In early 2007, the 201 Airlift Squadron of the District of Columbia Air National Guard (ANG), successfully integrated its own version of the SAFTE simulation into its daily scheduling operations. This version was never validated against the original SAFTE simulation. This integration required the full-time attention of two pilot schedulers, but yielded valuable risk mitigation data that could be used by planners and leaders to predict and adjust critical times of fatigue in the flight schedule. In August 2007, the Air National Guard Aviation Safety Division, under the direction of Lt Col Edward Vaughan, funded a project to provide a user interface for daily use by pilot schedulers and integration with automated flight scheduling software. This user-responsive interface, known as 'FlyAwake', was conceived and managed by Captain Lynn Lee. The project cited empirical data collected in combat and non-combat aviation operations, and challenged existing crew rest policies as adequate in preventing degraded human performance.

References[edit]

  1. ^ Caldwell JA, Caldwell JL. Fatigue in military aviation: an overview of US military-approved pharmacological countermeasures. Aviat Space Environ Med 76(7, Suppl):C39-51, 2005.
  2. ^ Air Force Research Lab summary of project, http://www.dtic.mil/dticasd/ddsm/srch/ddsm0219.html
  3. ^ Eddy DR, Hursh SR. Fatigue Avoidance Scheduling Tool (FAST). Technical Report No. AFRL-HE-BR-TR-2001-0140, Brooks AFB, TX, 2001.
  4. ^ Eddy DR, Hursh SR. Fatigue Avoidance Scheduling Tool (FAST) Phase II SBIR Final Report, Part 1. Technical Report AFRL-HE-BR-TR-2006-0015, Brooks City-Base, TX, 2006a.
  5. ^ Eddy DR, Hursh SR. Fatigue Avoidance Scheduling Tool (FAST) Phase II SBIR Final Report, Part 2. Technical Report AFRL-HE-BR-TR-2006-0040, Brooks City-Base, TX, 2006b.
  6. ^ Hursh SR, Redmond DP, Johnson ML, Thorne DR, Belenky G, Balkin TJ, Storm WF, Miller JC, Eddy DR. Fatigue models for applied research in warfighting. Aviat Space Environ Med 75(3, Suppl.): A44–53, 2004.
  7. ^ DoD's SAFTE Model, Hursh, et al., http://www.nps.navy.mil/orfacpag/resumePages/projects/Fatigue/HurshSAFTEFAST.pdf
  8. ^ Chaiken SR. A Verification and Analysis of the USAF/DOD Fatigue Model and Fatigue Management. Technical Report AFRL-HE-BR-TR-2005-0162). Brooks City-Base, TX, 2005.
  9. ^ Hursh SR, Raslear TG, Kaye AS, Fanzone JF. Validation and Calibration of a Fatigue Assessment Tool for Railroad Work Schedules, Summary Report. Technical report DOT/FRA/ORD-06/21, U.S. Department of Transportation, Federal Railroad Administration, Office of Research and Development, 2006
  10. ^ Miller JC. Usability Improvement for Data Input into the Fatigue Avoidance Scheduling Tool (FAST). Technical Report AFRL-HE-BR-TR-2005-0072, Air Force Research Laboratory, Brooks City-Base TX, 2005. (ADA435739)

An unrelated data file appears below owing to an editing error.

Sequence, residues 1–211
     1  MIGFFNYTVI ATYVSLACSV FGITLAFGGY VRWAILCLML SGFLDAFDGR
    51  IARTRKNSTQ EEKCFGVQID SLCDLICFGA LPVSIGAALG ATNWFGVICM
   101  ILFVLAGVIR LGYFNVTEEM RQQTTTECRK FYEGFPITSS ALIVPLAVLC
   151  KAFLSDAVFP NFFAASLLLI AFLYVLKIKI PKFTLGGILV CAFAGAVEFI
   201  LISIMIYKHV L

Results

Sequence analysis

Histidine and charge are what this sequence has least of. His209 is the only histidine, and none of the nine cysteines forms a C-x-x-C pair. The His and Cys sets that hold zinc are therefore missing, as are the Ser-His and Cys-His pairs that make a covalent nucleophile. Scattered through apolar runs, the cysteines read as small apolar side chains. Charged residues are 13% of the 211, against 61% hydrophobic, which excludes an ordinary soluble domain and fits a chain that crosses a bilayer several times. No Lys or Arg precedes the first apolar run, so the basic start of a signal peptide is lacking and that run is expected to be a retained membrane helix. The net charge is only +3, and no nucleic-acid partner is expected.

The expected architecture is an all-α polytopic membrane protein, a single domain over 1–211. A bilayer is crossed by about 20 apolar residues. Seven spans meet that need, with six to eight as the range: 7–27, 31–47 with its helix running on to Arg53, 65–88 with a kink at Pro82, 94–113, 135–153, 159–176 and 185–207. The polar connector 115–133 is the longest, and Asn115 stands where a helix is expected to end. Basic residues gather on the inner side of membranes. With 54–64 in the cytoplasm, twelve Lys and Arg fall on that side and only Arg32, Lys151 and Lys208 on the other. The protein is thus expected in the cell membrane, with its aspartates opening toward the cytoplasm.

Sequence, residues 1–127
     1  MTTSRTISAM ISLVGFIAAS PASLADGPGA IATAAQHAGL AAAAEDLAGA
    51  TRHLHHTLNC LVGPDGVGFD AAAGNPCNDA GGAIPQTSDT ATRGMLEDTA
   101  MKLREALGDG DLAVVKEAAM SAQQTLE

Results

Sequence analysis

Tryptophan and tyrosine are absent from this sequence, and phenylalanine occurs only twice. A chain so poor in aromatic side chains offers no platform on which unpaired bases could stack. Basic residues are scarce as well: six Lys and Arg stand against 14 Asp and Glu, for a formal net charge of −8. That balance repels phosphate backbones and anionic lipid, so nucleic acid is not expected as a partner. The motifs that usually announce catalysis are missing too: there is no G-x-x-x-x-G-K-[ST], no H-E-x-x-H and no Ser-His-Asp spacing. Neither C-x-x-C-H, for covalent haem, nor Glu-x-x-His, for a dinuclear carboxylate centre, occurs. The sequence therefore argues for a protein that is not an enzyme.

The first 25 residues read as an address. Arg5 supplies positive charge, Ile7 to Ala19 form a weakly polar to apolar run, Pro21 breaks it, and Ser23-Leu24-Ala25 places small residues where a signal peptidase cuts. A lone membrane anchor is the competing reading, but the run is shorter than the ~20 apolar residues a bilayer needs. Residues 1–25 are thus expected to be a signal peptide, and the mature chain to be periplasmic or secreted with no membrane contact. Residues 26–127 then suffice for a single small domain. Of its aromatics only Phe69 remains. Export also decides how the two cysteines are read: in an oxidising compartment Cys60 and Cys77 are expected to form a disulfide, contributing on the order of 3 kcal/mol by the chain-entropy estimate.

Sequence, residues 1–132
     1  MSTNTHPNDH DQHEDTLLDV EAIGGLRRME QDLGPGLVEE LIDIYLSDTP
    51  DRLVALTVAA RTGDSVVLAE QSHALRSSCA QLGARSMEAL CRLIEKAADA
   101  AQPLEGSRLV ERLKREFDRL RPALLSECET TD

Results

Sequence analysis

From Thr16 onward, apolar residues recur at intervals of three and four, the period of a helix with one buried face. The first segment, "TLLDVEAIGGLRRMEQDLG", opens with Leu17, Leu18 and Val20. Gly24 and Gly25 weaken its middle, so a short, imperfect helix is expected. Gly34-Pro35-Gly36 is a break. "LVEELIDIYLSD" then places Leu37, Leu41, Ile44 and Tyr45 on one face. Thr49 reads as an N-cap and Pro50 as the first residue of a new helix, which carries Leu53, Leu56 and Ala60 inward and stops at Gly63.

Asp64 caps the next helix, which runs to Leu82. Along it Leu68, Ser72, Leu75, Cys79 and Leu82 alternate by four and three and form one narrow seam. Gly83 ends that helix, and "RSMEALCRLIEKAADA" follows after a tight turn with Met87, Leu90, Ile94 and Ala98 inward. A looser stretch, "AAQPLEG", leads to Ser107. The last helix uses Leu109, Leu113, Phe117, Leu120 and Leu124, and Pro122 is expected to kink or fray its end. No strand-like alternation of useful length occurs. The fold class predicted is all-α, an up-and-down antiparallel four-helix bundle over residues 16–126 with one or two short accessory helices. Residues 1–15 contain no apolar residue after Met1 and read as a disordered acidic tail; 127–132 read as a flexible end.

11. ^ As of summer, 2006; personal communication to Dr. Miller from the Whiteman Aerospace Physiology Section
  12. ^ Miller JC, Dyche J, Cardenas R, Carr W. Effects of Three Watchstanding Schedules on Submariner Physiology, Performance and Mood. Technical Report NSMRL-TR-1226, Naval Submarine Medical Research Laboratory, Groton, CT, 2003. (ADA422572)
  13. ^ Miller JC. A Fatigue Checkcard for Mishap Investigations. Technical Report AFRL-HE-BR-TR-2005-0071, Air Force Research Laboratory, Brooks City-Base TX, 2005.
  14. ^ Miller JC. Operational Risk Management of Fatigue Effects. Technical Report AFRL-HE-BR-TR-2005-0073, Air Force Research Laboratory, Brooks City-Base TX, 2005. (ADA434836)
  15. ^ Miller JC. Scheduling Aircrews 1: Intra-Theater 24/7 Operations. Technical Report AFRL-HE-BR-TR-2005-0074, Air Force Research Laboratory, Brooks City-Base TX, 2005. (ADA434696)
  16. ^ Miller JC. Scheduling Aircrews 2: Nighttime Missions. Technical Report AFRL-HE-BR-TR-2005-0075, Air Force Research Laboratory, Brooks City-Base TX, 2005. (ADA435393)
  17. ^ Miller JC. Scheduling Aircrews 3: Deployment. Technical Report AFRL-HE-BR-TR-2005-0047, Air Force Research Laboratory, Brooks City-Base TX, 2005.
  18. ^ Miller JC. Fundamentals of Shiftwork Scheduling. Technical Report AFRL-HE-BR-TR-2006-0011. Air Force Research Laboratory, Brooks City-Base, TX, 2006. (ADA446688)
  19. ^ Paul MA, Miller JC. Fatigue Assessment in Camp Mirage CC130 Aircrew: Recommendations for Pharmacologic Intervention. Technical Report 2004-021, Defence R&D Canada – Toronto, 2004.
  20. ^ Paul MA, Miller JC. Consideration of 5 Canadian Forces Fire Fighter Shift Schedules. Technical Report 2005-227, Defence R&D Canada – Toronto, 2005.
  21. ^ Paul MA, Gray GW, Miller JC. Preliminary Assessment of Zopiclone (Imovane) Use in Camp Mirage Aircrew. Technical Report 2006-077, Defence R&D Canada – Toronto, 2006. (ADA472982)
  22. ^ Paul MA, Gray GW, Miller JC. Cognitive effectiveness of CF-18 instructor pilots during routine training. Technical Report 2007-028, Defence R&D Canada – Toronto, 2007. (ADA472954)
  23. ^ Paul MA, Gray GW, Miller JC. Fighter Pilot Cognitive Effectiveness during Exercise Wolf Safari. Technical Report 2007-020, Defence R&D Canada – Toronto, 2007. (ADA472968)
  24. ^ Paul MA, Gray GW, Nesthus TE, Miller JC. An Assessment of the CF Submarine Watch Schedule Variants for Impact on Modeled Crew Performance. Technical Report 2008-007, Defence R&D Canada – Toronto, March, 2008.

See also[edit]